The mukube is one among dozens of musical bows dispersed throughout Southern Africa in a wide arc stretching from the equatorial region of the Congo down to South Africa. Like the chipendani and kambuya-mbuya, the chipendani is a monochord instrument, meaning that it features only a single string. While the mukube’s string is not divided by a brace, players are able to produce multiple fundamental pitches by depressing the bottom portion of the string against the bow stave with one finger, thereby shortening the string’s length and raising its pitch.
As Sekuru Chigamba relates, the mukube’s string was traditionally made from the sinew of a cow, while its stave was made from a length of river reed. On his personal instrument, Sekuru Chigamba has substituted a nylon string for cow sinew.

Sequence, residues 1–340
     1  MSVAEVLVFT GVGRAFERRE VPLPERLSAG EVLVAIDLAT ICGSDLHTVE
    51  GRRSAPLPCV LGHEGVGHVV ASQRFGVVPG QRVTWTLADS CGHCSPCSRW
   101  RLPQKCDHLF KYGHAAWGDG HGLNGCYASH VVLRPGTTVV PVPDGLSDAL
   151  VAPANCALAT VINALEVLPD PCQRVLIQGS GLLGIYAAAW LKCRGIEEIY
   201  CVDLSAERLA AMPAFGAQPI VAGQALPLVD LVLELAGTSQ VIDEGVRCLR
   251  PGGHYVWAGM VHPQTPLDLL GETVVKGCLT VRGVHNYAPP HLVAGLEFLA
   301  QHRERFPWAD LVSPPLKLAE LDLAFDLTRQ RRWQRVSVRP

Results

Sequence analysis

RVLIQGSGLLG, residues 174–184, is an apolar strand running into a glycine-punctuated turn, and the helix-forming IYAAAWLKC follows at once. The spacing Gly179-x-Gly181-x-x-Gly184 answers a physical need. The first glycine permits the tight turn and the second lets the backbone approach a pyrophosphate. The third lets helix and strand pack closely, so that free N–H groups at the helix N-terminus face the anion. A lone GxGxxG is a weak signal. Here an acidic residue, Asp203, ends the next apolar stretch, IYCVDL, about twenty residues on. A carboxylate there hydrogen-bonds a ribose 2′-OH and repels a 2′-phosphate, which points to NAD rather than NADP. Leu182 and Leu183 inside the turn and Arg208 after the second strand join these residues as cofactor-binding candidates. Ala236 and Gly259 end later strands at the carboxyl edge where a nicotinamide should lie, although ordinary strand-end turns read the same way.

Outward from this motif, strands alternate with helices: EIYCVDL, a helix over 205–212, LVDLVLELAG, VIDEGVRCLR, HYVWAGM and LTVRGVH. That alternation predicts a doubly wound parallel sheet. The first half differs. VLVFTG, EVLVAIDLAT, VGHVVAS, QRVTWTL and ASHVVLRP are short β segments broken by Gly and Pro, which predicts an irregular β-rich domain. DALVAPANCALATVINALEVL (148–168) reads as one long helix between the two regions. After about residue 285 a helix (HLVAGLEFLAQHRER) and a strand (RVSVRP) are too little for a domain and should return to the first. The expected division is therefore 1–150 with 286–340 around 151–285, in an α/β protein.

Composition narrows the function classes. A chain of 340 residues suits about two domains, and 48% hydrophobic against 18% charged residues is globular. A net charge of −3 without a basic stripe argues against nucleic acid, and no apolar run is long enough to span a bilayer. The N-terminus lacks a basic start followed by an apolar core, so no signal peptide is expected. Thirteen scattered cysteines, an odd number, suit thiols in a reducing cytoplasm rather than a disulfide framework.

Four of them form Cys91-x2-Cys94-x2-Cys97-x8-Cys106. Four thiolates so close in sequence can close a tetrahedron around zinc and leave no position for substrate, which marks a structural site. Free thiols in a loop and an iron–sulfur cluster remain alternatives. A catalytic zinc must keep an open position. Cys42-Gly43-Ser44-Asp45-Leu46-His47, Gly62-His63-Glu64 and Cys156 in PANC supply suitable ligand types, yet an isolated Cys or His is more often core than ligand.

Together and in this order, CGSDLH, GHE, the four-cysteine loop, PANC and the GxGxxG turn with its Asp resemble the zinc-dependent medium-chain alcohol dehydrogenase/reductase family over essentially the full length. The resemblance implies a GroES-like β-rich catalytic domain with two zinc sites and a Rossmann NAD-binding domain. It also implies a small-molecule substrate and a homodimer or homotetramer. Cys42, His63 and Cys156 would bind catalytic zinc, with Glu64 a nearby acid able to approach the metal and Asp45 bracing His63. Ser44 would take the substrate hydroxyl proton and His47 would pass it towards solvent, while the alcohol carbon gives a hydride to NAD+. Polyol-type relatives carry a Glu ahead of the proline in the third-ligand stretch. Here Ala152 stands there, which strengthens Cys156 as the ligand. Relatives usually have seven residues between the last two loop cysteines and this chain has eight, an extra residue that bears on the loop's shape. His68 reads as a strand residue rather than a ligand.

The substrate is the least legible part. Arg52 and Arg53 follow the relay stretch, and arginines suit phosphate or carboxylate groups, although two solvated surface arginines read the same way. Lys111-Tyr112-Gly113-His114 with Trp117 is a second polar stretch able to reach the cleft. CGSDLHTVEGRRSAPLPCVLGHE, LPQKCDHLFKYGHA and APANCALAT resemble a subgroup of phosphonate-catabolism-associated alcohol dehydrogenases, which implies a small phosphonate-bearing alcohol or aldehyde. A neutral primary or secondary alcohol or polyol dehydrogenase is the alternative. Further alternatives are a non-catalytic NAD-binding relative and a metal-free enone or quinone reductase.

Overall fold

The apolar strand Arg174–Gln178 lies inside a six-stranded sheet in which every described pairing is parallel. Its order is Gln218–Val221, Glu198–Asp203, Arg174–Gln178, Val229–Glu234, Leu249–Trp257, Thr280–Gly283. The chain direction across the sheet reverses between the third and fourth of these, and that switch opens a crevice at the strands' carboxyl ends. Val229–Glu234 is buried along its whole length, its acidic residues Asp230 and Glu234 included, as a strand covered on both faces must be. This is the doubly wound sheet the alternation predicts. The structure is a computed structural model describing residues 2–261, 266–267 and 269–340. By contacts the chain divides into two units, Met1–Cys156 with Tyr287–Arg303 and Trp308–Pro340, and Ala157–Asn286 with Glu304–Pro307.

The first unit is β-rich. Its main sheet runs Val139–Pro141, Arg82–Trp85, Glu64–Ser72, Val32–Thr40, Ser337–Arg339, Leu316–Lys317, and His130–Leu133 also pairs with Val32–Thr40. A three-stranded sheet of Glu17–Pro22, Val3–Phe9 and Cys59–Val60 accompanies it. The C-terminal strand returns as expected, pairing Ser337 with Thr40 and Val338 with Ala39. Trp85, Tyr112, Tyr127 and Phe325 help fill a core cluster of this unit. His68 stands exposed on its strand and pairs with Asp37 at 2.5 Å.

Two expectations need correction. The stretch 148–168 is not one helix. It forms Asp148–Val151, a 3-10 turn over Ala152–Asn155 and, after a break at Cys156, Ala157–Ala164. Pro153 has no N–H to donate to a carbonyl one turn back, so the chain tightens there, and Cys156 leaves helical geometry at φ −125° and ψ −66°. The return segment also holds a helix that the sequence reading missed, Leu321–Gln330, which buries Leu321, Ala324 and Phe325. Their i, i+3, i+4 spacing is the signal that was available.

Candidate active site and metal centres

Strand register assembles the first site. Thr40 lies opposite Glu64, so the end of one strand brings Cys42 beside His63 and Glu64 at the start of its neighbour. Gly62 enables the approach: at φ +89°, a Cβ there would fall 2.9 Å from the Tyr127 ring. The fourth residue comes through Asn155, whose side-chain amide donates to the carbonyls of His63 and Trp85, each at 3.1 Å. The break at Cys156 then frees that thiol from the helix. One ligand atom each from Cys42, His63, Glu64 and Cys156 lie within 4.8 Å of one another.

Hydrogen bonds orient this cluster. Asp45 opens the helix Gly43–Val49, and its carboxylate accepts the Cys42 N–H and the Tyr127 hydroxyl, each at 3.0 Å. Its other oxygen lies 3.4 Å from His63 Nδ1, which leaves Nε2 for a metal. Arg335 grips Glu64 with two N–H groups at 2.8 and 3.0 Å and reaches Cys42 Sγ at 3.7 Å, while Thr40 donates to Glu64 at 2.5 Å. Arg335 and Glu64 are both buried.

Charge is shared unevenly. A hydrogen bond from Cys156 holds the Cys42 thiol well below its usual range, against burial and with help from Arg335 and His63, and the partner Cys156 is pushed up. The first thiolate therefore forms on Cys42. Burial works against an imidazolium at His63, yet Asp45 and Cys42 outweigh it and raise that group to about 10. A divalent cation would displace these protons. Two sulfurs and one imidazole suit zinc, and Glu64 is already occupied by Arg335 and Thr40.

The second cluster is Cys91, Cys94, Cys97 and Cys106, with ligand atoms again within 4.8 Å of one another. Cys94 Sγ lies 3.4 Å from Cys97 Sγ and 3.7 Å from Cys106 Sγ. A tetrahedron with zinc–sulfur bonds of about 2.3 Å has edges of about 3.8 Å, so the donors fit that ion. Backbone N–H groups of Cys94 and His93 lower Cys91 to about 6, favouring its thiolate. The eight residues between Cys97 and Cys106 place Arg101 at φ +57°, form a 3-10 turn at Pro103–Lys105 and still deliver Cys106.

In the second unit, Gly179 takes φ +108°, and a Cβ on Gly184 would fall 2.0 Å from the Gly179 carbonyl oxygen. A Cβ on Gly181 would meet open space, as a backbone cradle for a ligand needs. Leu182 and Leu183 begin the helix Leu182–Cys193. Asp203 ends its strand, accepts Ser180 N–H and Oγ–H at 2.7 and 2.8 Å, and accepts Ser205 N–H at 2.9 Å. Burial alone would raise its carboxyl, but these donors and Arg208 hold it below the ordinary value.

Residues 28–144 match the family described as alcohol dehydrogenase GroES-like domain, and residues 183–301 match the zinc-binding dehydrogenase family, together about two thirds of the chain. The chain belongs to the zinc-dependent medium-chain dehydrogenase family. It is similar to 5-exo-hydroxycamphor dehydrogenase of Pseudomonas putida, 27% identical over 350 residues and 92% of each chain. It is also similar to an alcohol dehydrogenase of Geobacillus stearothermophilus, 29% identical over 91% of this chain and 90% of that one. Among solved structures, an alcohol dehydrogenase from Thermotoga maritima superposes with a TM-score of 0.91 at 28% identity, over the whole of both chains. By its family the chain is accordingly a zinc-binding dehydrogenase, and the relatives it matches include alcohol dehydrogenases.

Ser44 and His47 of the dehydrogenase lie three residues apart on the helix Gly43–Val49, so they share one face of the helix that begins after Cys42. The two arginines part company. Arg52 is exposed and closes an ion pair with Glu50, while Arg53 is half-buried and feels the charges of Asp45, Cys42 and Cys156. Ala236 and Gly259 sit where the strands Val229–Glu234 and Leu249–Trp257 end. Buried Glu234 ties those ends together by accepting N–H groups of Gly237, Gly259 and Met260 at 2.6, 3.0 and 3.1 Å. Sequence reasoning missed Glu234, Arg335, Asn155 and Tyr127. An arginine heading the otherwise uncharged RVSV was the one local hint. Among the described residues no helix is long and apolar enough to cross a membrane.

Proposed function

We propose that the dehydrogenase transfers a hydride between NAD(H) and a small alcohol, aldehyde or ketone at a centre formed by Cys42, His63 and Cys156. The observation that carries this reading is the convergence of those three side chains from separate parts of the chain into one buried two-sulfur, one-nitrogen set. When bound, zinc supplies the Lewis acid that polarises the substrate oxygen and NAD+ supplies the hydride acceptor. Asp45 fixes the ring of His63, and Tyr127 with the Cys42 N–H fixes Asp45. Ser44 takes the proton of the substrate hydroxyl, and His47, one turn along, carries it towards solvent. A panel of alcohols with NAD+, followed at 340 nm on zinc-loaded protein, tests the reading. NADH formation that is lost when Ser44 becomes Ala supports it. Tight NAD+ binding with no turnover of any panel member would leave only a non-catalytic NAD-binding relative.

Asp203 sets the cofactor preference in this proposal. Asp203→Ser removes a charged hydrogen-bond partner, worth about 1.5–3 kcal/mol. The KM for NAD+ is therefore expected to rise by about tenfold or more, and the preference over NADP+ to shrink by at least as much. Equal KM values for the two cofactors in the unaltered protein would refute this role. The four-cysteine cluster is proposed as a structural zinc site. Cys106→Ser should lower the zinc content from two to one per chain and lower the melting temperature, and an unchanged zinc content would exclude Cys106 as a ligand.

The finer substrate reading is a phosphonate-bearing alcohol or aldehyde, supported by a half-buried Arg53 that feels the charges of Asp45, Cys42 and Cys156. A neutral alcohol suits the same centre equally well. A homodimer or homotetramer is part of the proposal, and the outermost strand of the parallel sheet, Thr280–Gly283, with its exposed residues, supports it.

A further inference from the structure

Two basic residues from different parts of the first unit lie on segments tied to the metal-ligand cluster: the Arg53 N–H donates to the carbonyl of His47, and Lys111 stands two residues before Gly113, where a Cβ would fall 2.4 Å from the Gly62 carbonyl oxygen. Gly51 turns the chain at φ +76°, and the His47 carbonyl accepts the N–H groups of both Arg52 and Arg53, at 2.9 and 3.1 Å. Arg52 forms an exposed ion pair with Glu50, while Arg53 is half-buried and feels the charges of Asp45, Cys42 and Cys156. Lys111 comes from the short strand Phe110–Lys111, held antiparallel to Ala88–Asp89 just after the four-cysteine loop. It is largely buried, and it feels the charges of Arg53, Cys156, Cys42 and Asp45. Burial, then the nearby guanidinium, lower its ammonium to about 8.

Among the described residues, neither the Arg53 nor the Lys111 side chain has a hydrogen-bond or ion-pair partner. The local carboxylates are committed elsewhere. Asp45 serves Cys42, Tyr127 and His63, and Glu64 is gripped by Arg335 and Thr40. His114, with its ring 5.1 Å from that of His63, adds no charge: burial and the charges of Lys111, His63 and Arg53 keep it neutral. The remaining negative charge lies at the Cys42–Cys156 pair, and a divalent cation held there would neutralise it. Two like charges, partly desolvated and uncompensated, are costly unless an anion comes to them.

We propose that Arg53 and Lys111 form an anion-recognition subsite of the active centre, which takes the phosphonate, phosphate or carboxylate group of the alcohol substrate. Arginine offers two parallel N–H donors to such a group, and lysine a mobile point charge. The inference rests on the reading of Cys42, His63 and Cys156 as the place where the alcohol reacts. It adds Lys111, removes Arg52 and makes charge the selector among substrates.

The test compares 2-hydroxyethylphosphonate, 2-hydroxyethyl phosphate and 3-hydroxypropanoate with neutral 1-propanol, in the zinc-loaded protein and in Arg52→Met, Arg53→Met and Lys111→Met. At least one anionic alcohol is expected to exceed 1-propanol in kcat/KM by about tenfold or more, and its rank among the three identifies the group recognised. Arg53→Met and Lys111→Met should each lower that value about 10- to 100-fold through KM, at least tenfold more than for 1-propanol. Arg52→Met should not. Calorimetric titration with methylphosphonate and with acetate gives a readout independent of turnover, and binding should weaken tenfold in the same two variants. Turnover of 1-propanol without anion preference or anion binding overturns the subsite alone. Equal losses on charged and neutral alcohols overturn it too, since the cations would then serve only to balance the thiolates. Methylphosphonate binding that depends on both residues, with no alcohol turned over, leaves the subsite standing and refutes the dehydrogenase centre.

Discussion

Even given the scant attention Zimbabwean musical bows have generally received, the mukube remains particularly obscure. In comparison with the chipendani, which constitutes the subject of substantial discussion in several books and articles, the mukube has received little serious consideration.
As with the chipendani, the mukube is held against the cheek, using the player’s mouth as a resonating chamber that both amplifies the instrument’s sound, and produces overtones that emerge distinctly above the instrument’s fundamental pitches. Unlike the chipendani, which is commonly plucked with the thumb and forefinger, the mukube is played with a plectrum made from a small, flat piece of cow horn.